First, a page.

The music industry changes... and so shall we.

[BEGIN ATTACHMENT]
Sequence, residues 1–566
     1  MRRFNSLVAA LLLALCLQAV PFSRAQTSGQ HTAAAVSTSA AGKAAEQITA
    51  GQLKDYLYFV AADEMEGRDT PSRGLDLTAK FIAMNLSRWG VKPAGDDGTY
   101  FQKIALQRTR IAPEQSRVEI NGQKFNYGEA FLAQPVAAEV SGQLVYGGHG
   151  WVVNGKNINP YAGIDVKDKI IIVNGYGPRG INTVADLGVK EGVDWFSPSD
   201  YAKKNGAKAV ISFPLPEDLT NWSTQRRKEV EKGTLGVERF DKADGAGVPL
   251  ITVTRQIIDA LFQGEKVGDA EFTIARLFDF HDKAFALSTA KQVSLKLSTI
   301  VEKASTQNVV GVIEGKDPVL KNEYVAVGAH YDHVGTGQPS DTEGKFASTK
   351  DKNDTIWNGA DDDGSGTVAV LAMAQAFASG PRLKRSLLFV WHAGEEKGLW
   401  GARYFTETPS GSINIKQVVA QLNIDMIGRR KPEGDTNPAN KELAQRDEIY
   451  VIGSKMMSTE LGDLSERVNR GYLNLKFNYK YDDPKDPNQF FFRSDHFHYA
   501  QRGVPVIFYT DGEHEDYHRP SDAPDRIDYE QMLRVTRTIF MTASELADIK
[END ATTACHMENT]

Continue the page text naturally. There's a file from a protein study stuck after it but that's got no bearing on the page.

While the old paradigms within the music industry continue to shift for both music producers and consumers, it's easy for those who have been making music for quite a while (like me!) to lament the passing of a system that, while dominated by a corporate infrastructure not necessarily bent on acquiring the most substantive musical content, seemed at very least on it's face to be... well, a structure. Musicians, the content creators, were most often given a clear path because, in general, straying from a road dictated by the current trends was not exactly rewarded in a timely fashion and that's a pretty kind characterization. If the musical landscape today appears to be decentralized and/or chaotic perhaps that's because art itself, when we are shown the entire tapestry of all it's disparate creators, does not necessarily appear as a uniform approach. While some find this uncomfortable I would maintain that it's this very quality that makes art in general and music in particular a beautiful, living, and constantly morphing phenomenon. This reality is also coupled with the new ability of artists to see their projects come to fruition independent of those that once functioned as "gatekeepers" of artistic independence, not because of any contempt for the artist, but often only because their understanding of the product they were tasked to package, promote, and sell was paramount for success. The enormous record deals and accompanying advances once so prevalent in the industry have all but entirely evaporated... but if one is an artist, a true artist, there is an absolute inability to stop creating regardless of financial gain, or lack thereof. This baffles the vast majority of those convinced that individuals pursuing such a life must surely do so for fame, fortune, or both. They just don't understand it... and they're right... it's beyond understanding... just like the creation of music, of art, and indeed, the universe. That's where beauty comes from. - jt